Patient age less than 5 years and aged above > 40 years, past history of knee surgery, acute patellar dislocation and knee effusions. All patients were clinically evaluated for medial joint line tenderness, ROM at knee, Q angle, apprehension test, Positive J sign (lateral Subluxation) and ligamentous laxity. Radiological assessment was done by measuring S ulcus angle, Congruence angle. Following radiographs are taken for all the patients - Knee-anteroposterior view with full weight bearing, Knee-lateral view with full weight bearing in 30 degree flexion, Merchant view (45 degree skyline view), Laurin view (30 degree skyline view). Post-operative radiographic evaluation was done periodically at 6 weeks, 3months, 6 months and yearly.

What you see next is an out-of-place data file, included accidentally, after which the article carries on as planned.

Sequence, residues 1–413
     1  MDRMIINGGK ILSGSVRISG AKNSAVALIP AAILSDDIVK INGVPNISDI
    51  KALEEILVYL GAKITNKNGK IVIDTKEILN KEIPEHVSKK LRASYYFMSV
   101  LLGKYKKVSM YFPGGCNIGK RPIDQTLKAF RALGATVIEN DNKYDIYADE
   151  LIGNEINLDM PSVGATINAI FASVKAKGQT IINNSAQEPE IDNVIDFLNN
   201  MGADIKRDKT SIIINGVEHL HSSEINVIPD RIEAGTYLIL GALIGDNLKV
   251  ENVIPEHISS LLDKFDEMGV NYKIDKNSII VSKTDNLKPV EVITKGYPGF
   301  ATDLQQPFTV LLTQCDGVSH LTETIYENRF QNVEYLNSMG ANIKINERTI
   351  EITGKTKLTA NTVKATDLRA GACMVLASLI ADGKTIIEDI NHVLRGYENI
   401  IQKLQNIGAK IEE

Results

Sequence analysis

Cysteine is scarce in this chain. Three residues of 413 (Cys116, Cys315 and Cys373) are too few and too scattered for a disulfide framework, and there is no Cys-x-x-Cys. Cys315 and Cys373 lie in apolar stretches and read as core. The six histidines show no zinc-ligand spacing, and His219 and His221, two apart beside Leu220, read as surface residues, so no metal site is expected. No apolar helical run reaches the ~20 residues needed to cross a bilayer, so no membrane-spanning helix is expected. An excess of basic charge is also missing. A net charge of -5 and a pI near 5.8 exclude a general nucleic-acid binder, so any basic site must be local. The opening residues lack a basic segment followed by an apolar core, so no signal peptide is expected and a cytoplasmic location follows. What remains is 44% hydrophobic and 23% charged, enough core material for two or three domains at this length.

Sulcus Angle: Sulcus angle defined as the angle formed between lines joining the highest points of the bony medial (B) and lateral condyles (C) and the lowest bony point of the intercondylar sulcus (A). The mean sulcus angle (138* +/- 6*).

Figure 1
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Congruence Angle

Identify the highest point of the medial (B) and lateral (C) condyles and the lowest point of the intercondylar sulcus (A). Bisect the sulcus angle (BAC) to establish the zero reference line (AX). Identify the lowest point on the articular ridge of the patella (D) and draw a line from A to D. The angle DAX is the congruence angle. All values medial to the zero reference line AX are designated as negative and those lateral as positive. All values medial to the zero reference line AX are designated as minus and those lateral as plus. Normal angle is defined as < -16 degrees.

Surgical technique